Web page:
Ouzo of Plomari Isidoros Arvanitis the Home of Ouzo
The island of Lesvos, and particularly the village of Plomari, has a long history in the production of ouzo. Ouzo is produced here by Greek families from the beginning of the 19th century and is distilled in the same traditional way to this day. Therefore, Plomari is not accidentally considered the home of ouzo. It is a blessed land, endowed by nature with rare qualities. Due to its geographic location between Europe and Asia, Plomari was an eminent commercial port during the 19th century. Its inhabitants were cosmopolitan sailors and merchants who formed an affluent class that knew how to appreciate the true pleasures of life. These factors, combined with the fertile land of Lesvos, which contains a rich variety of herbs and seeds, helped the local producers create ouzo of exceptional quality.
What is ouzo?
Ouzo is a pure product of the earth. It is based on an extract of grains and is flavoured through the process of distillation in traditional copper stills (alembics), with seeds and herbs. Its most prominent herb, anise, gives ouzo its characteristic aroma.This anise-flavoured distillate was so loved in Greece and abroad, that it became famous as the national drink of Greece. Today, its name and origin are protected by the European Union. Namely, it cannot be produced anywhere but Greece.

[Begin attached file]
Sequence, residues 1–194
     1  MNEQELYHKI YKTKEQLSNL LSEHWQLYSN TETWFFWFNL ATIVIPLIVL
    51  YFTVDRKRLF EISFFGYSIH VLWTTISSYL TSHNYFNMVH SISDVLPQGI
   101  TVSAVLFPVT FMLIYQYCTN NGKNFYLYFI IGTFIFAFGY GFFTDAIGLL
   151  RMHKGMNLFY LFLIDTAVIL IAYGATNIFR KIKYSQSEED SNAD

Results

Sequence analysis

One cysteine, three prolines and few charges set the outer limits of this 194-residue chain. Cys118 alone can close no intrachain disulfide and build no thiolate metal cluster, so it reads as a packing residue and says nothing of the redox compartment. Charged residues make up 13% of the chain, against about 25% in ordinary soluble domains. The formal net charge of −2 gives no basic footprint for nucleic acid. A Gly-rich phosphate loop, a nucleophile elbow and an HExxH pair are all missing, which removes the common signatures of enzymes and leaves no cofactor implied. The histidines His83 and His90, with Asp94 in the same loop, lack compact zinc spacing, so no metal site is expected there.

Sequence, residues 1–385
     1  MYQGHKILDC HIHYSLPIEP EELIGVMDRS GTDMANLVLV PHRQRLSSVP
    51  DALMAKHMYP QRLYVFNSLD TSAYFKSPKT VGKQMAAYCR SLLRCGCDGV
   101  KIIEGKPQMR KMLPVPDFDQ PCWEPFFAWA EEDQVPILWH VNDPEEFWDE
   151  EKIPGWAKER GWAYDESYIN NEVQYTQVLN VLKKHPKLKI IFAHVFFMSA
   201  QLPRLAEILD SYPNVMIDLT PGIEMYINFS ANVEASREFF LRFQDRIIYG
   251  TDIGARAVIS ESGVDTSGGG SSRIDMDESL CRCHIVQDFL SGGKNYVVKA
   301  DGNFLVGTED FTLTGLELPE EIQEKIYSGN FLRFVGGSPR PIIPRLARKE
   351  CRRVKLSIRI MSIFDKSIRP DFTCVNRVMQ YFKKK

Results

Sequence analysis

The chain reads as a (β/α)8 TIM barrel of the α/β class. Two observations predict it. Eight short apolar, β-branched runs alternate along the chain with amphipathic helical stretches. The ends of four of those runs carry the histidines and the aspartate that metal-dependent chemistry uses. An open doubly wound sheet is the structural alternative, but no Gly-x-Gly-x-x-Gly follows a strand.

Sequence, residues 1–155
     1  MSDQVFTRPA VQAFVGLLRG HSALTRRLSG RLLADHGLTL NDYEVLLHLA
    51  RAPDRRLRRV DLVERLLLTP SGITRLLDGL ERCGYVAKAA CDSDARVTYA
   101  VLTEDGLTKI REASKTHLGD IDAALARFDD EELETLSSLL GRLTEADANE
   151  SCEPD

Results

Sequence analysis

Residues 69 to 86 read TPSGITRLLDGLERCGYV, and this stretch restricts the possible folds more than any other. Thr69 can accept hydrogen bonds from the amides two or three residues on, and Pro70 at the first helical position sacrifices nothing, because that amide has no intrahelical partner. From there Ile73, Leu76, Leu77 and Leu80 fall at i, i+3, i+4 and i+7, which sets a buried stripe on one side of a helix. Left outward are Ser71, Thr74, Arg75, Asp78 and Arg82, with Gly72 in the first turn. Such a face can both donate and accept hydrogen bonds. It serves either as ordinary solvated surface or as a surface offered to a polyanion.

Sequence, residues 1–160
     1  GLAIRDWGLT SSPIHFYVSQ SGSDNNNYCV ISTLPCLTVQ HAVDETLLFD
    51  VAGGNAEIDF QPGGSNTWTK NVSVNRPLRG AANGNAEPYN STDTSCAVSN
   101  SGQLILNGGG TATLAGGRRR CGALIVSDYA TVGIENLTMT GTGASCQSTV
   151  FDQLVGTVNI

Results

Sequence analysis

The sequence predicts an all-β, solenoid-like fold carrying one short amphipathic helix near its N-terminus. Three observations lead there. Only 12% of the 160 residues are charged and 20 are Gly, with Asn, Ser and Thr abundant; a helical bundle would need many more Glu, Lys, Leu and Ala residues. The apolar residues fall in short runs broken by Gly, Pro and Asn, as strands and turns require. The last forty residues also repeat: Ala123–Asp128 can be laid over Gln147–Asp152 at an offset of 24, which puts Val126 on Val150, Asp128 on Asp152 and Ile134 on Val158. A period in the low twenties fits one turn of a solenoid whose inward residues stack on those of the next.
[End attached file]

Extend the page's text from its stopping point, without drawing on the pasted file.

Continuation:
How did ouzo get its name?
There are various theories on the etymology of the name of ouzo. According to the most prevalent one, the word ouzo originates from the Italian phrase “Uso di Massalia” that means “to be used in Marseille.” Marseille was one of the first places where Greece exported silk. The phrase “Uso di Massalia” was indicated on the silk boxes sent there. One day, the story goes, a pasha that was drinking an aniseed distillate enjoyed it so much that he exclaimed “This is Uso di Massalia” meaning that it was as good as the products sent to Marseille. Hence, ouzo got its name.
The emulsion of Ouzo
One of the most characterisic elements of ouzo is its change of colour when it comes into contact with water. This “emulsion” originates from the essential oils of anise. The addition of water lowers the temperature of the distillate and its alcoholic content. As a result, essential oils that were previously hidden within the distillate now appear and modify its colour.
Greece’s favourite Ouzo
Thanks to its exceptional quality, Ouzo of Plomari Isidoros Arvanitis has won the hearts of Greek consumers. Even in “blind” tasting trials, Ouzo of Plomari comes first in preference, standing out for its taste and aroma.
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